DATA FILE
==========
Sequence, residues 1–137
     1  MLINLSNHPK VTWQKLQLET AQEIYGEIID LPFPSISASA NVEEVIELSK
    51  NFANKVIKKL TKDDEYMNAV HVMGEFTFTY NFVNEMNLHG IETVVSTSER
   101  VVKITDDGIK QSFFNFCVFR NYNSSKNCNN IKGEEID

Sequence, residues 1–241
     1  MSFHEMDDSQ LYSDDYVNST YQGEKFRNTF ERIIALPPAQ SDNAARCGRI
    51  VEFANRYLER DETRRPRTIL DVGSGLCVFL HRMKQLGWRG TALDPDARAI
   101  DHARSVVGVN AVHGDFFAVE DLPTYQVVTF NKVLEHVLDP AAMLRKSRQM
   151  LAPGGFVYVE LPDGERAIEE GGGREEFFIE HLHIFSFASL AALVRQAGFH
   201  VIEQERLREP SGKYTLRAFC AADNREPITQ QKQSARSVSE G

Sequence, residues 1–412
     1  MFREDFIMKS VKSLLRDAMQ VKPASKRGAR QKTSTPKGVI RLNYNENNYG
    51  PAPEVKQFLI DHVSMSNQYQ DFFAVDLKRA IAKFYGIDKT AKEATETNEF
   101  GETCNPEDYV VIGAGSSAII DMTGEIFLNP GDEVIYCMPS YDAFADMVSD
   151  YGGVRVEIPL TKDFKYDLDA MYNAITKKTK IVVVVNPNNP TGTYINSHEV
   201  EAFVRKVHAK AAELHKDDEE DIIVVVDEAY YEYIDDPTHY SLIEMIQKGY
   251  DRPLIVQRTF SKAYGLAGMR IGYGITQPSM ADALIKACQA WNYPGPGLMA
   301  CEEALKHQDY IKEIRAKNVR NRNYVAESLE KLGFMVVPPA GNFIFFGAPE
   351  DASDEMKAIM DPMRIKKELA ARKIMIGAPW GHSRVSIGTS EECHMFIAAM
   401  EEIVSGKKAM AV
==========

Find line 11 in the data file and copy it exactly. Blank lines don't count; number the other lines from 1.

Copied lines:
Sequence, residues 1–412